I wanted to give Destiny: The Taken King a proper chance because Bungie put so much energy into revamping the game for its second year. Sadly, it failed the capture my full attention because everything about the game was so mind numbingly dull that the combat (inarguably the best thing about Destiny) failed to hold my attention.
I started from the beginning with a new character, this time on the Xbox One. For reasons I could never figure out, my PlayStation 4 just couldn’t keep a connection for longer than an hour (indicative of a network issue I’ve tried to fix for awhile), making extended play impossible. Destiny on Xbox One was much more stable, allowing me to get farther into the game than I could before. Bungie has made it possible via a special item that will boost your character to level 25. This lets you skip vanilla Destiny and jump right into The Taken King. I decided to play through the original game and boy, Bungie must have tweaked the leveling system because I blew through the first twenty character levels sooner than I expected. As such, I was overpowered for many of the later Moon and Venus Strikes to the point where I earned little to no experience and acquired less desirable loot. Just like World of Warcraft, there’s very little incentive for a returning character to take on older dungeons and in the case of Destiny, skipping these areas meant the already paper thin plot is torn to shreds.
For awhile, I thought I could do without worrying about what my Guardian was supposed to be doing on different planets. Boiled down to its pure essence, Destiny is nothing more than shooting enemies in a large open area, travel through a few corridors and canyons in order to reach more open areas and kill enemies. The game asks very little of the player and often, its idea of difficulty is throwing waves of enemies in your direction or pitting you against a boss with so much health that it never feels like you’re doing enough to justify the time. This is especially noticeable when players quit in the middle of early Strikes. The same could be said of any MMO, but it’s far more comfortable pressing hotkeys and relying on teammates than have to pull the controller’s trigger so much. And as a brief side note, the right trigger of my Call of Duty: Advanced Warfare controller squeaks every time it’s pulled.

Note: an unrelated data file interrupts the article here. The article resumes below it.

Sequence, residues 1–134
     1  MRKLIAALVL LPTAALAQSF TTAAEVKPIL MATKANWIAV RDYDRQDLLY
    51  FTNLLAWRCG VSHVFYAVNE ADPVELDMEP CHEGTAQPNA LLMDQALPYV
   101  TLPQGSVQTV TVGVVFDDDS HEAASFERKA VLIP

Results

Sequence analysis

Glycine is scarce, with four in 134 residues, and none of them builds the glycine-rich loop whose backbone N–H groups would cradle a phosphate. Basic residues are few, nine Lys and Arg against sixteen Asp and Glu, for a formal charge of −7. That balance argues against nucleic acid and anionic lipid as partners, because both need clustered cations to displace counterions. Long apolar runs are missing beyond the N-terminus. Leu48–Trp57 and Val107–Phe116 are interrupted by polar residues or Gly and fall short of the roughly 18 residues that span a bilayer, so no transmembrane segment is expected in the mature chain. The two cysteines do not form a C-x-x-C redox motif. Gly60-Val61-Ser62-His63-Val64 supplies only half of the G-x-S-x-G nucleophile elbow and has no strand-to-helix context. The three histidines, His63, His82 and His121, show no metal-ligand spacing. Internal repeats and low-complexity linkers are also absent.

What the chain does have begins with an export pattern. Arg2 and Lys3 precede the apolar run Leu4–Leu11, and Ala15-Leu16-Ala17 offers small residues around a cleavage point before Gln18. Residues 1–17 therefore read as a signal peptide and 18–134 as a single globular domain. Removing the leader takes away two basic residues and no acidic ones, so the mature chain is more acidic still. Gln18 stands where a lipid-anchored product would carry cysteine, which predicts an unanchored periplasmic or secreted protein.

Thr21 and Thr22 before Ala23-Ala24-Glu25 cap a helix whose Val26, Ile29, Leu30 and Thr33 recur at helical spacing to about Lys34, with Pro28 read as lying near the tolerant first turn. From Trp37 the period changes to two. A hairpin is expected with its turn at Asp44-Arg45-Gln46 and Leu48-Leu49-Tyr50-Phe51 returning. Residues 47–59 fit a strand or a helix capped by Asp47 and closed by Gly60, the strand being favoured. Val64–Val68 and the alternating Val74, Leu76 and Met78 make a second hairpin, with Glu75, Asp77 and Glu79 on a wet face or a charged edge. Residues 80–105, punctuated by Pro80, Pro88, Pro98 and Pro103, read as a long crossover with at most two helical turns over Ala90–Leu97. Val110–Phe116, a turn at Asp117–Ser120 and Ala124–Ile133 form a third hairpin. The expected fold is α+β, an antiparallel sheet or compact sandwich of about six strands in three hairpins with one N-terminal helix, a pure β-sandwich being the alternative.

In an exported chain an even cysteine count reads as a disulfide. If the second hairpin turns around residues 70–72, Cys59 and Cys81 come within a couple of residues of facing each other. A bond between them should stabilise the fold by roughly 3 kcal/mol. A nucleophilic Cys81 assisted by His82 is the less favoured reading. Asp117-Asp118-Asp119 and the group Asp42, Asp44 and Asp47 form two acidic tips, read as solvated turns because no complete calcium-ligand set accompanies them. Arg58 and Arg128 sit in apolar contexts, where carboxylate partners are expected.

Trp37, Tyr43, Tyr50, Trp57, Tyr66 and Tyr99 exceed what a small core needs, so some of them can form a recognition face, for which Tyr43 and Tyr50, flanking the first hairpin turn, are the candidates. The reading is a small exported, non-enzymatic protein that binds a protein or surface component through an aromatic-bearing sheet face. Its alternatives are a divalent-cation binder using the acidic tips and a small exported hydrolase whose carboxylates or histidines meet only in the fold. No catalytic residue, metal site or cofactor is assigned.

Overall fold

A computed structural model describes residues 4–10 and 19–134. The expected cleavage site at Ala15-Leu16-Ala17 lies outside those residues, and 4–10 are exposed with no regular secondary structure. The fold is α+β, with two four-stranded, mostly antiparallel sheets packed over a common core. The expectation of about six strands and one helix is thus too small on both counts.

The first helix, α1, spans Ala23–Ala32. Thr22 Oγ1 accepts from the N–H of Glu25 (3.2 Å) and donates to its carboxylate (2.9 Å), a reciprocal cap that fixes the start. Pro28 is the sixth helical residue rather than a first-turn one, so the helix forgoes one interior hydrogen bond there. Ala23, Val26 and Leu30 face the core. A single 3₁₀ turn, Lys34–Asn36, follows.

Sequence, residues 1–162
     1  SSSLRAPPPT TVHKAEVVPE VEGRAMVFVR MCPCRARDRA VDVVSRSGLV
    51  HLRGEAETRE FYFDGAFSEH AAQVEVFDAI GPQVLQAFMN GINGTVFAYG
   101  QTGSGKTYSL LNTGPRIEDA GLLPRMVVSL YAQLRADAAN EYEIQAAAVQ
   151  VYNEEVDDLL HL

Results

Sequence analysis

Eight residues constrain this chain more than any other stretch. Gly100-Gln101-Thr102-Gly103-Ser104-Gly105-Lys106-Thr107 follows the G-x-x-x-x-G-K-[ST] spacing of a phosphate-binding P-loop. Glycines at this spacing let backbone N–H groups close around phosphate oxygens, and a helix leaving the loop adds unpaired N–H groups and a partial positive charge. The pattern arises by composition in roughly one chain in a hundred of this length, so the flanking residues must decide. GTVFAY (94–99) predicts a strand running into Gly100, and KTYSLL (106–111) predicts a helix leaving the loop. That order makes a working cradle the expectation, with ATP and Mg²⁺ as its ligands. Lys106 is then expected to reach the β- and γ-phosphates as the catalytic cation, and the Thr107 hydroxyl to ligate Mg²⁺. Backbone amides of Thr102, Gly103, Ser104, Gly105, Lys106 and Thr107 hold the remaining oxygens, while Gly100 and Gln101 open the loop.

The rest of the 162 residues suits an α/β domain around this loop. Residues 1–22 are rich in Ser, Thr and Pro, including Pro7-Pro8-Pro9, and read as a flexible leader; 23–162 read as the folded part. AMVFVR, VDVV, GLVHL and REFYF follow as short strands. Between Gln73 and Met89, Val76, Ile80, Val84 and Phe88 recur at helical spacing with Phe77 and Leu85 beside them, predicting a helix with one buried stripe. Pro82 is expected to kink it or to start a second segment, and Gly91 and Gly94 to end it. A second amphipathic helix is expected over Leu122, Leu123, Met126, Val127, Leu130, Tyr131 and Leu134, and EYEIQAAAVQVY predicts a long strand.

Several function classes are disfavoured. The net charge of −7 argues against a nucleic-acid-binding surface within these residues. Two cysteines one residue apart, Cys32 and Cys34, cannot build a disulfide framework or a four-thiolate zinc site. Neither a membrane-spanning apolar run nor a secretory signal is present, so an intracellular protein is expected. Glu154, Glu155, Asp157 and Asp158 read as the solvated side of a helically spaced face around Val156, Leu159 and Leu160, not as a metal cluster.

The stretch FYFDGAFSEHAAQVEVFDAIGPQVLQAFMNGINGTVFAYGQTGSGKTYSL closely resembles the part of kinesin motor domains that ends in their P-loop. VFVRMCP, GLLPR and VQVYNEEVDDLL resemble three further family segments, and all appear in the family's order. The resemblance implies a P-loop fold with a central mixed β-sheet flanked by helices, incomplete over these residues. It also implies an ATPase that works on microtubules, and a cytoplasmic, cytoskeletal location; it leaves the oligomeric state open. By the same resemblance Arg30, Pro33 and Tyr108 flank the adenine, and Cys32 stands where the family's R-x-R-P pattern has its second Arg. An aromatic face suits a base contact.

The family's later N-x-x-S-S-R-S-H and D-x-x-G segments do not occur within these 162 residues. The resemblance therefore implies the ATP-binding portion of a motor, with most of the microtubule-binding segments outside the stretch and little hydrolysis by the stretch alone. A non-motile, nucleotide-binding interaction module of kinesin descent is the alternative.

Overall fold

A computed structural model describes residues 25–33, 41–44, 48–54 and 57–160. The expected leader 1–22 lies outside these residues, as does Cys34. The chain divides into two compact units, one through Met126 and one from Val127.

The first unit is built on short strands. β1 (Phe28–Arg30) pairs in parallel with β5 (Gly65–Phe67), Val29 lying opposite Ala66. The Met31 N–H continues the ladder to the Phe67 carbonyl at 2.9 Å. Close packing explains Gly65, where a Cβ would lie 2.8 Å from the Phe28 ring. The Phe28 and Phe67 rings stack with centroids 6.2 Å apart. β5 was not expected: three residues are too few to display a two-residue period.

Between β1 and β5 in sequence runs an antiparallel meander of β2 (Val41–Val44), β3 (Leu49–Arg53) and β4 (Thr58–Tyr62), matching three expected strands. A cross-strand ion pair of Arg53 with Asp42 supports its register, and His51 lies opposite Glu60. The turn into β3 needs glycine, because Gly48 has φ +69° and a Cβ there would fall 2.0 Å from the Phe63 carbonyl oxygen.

A general sense of fatigue settles pretty quickly. After playing the game for six hours or so, I started listening to audio books and watching Netflix during Destiny play sessions. I did eventually get my way to the Taken King‘s story content but by then I was heavily disinterested in what story the game was trying to tell. No one was running Strikes to fight Crota, and without that experience the battle against Oryx meant nothing to me. I thought about spending most of my time in multiplayer, since that was the most entertaining portion (I played quite a bit of it on the PS4), but at that point, I’d be better off with The Master Chief Collection, because Halo is a lot more fun – busted as the MCC is.
By the way : good on Nolan North for stepping in as the Ghost in place of Peter Dinklage. He sounds a lot like Guilty Spark, but he seems more engaged and uses lots of inflections to keep the speech pattern interesting. North’s performance is leagues better than Dinklage, though it can’t save the terrible and ridiculous dialog. The Halo games weren’t exactly Charles Dickens, but good lord. The writing in Destiny is not very good.
I really wanted to like Destiny, but it seems I never got over my, “Oh, that’s it?” response to the Alpha. Other people have found ways to enjoy it, which is great and more power to them, but my experience with Destiny 2.0 has convinced me that the game is rote, hollow, and derivative.